Men who like female muscle react different ways to such taboos. Some attempt to conceal their love by extreme measures. Worst of all, they pretend they do not like it and even engage in ridicule of muscular women as a cover. This is unfortunate mainly resulting in the person ostracizing being unhappy and perpetuating a system of sexism. There are other men who like female muscle, but articulate it in a different way. They normally state ” I like athletic women”  or “I like women with some tone.” Women athletes of today come in various shapes and sizes depending on what sport they play. However, it is not rare that you see women with muscle. These women in mainstream sports have a little more acceptance, so no one would question this preference. The term toning really means building muscle, but used in this context to a lesser degree.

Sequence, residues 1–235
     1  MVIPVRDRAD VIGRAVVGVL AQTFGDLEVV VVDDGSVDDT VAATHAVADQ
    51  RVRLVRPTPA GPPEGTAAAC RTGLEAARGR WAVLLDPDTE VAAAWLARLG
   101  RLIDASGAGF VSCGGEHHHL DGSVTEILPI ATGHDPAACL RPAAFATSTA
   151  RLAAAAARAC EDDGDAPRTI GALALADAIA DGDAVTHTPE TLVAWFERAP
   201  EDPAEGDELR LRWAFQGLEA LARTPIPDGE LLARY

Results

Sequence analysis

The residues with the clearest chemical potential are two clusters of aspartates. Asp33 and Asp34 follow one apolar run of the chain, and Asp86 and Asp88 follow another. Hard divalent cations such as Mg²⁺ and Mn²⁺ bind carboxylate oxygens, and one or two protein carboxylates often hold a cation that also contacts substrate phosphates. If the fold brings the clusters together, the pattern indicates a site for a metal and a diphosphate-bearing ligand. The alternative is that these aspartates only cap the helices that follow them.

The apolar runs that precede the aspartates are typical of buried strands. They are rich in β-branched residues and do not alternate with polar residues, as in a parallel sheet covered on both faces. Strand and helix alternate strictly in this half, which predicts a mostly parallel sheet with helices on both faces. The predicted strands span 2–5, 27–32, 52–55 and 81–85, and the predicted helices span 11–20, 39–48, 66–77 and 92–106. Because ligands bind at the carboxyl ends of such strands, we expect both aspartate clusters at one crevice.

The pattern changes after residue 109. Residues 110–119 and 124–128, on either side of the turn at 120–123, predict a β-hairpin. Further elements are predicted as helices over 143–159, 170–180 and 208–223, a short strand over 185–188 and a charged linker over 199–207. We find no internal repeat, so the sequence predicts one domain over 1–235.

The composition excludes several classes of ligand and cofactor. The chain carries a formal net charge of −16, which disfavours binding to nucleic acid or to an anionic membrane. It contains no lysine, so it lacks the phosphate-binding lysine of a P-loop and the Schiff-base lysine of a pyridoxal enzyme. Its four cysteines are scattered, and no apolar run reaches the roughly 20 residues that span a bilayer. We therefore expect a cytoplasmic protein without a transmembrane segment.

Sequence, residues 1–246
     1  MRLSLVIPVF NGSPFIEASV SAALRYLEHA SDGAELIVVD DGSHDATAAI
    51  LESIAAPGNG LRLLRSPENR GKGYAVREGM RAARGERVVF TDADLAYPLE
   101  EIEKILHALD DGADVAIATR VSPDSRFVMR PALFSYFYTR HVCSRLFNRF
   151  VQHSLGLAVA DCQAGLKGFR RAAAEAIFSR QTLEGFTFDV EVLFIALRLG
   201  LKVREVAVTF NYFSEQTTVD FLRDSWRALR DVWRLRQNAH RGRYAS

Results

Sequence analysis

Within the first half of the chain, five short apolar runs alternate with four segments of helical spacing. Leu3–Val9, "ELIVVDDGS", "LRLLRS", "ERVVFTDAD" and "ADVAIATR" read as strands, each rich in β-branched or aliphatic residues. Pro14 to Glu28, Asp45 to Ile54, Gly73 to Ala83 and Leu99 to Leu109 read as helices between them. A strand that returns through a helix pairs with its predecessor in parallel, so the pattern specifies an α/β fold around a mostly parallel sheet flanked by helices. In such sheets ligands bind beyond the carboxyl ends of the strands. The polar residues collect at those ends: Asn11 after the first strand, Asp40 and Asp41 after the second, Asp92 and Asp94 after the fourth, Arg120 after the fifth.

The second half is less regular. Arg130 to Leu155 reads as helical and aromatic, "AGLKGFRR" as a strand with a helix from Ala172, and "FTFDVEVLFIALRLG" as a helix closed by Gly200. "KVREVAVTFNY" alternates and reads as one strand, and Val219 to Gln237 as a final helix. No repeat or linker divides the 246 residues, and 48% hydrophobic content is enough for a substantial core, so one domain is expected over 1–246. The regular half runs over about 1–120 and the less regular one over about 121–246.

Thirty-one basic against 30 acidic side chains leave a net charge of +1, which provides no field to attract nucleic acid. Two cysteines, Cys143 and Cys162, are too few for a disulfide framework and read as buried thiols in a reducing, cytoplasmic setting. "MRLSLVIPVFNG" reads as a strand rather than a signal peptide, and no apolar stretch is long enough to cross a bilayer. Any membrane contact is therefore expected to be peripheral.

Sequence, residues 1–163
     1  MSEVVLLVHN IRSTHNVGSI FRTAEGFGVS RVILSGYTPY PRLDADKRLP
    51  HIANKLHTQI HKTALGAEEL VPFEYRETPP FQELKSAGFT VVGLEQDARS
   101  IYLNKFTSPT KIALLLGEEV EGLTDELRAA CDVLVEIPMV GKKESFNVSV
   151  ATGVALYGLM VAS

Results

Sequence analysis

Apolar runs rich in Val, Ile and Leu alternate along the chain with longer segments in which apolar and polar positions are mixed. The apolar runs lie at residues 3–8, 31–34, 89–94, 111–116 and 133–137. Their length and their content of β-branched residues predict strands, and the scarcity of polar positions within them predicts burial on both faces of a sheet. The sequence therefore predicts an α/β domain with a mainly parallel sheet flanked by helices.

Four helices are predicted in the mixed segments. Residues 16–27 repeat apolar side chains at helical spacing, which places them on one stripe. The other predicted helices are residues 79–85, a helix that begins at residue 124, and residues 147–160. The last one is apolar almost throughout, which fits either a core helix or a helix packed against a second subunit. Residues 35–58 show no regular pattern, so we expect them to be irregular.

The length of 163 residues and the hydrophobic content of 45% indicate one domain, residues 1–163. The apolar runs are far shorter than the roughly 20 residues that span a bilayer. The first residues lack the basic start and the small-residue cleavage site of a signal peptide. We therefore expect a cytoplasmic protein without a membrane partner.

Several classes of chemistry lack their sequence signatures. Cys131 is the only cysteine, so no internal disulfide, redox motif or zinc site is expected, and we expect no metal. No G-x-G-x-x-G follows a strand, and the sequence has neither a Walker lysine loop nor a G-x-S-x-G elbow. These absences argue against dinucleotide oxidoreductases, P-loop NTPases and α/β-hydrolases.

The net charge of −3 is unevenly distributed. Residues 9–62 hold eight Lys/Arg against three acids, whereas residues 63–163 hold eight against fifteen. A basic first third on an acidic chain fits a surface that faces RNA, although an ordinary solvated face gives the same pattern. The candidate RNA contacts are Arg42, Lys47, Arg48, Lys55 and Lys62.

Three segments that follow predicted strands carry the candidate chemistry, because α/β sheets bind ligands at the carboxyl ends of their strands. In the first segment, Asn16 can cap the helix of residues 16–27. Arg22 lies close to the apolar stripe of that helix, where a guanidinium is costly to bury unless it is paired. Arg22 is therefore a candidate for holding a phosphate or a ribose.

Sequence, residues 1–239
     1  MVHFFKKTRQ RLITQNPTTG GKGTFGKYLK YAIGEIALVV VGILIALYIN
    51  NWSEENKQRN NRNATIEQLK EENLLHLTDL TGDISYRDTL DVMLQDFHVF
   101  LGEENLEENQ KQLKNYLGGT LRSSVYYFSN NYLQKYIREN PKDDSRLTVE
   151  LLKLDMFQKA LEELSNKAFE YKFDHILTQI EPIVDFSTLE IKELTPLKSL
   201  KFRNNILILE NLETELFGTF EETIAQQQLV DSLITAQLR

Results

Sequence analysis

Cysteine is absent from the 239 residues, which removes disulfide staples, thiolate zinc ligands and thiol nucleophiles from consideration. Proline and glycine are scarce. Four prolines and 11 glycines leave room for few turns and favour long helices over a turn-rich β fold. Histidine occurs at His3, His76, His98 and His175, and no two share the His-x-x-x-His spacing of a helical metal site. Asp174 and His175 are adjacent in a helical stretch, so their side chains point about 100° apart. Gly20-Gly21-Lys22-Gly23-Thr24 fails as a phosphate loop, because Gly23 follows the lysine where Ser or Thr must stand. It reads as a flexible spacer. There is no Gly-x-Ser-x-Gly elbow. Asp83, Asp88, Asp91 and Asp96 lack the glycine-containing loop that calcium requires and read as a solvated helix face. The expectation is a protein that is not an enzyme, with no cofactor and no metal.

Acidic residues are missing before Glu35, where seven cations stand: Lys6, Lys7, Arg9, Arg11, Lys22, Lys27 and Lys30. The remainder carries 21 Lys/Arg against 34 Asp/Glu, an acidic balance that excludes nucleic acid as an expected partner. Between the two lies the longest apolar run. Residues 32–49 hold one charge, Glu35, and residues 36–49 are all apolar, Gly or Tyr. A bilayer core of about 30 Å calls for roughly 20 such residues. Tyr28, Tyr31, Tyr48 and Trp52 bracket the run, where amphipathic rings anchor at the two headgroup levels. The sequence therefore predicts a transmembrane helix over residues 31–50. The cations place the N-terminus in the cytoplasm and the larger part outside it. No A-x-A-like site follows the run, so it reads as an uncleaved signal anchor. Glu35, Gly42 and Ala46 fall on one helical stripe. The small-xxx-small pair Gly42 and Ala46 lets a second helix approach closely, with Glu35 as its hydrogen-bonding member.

The reason these phrases and terminology are used is due to the notion that muscles and women are not an acceptable combination. So, the mainstream fitness industry had to develop these concepts with out using the accurate word muscle. Men who like female muscle, but want to distinguish they do not favor a much larger look use the mainstream vernacular. Mainly, they are influenced by the negative stereotypes of female bodybuilders and weightlifters. This group like most of mainstream society thinks that women cannot be muscular and feminine. Often their criticism is that “they crossed the line.”This is coded language for a woman who is too muscular, too strong, and is no longer in the appropriate bounds of gender. These accusations are made by people who are threatened and scared by strong women in both the physical and mental sense. There is nothing wrong with disagreeing with the aesthetics, but condemning or suggesting women should stop the development of their bodies is a demonstration of subtle  misogyny. This group likes physically strong women to a certain degree they find acceptable in gender boundaries. The more open minded group of female muscle fans enjoys women of all fitness levels. They could be “toned,” good shape, athlete, or hypermuscular. Any amount of muscle is considered beautiful of the female form.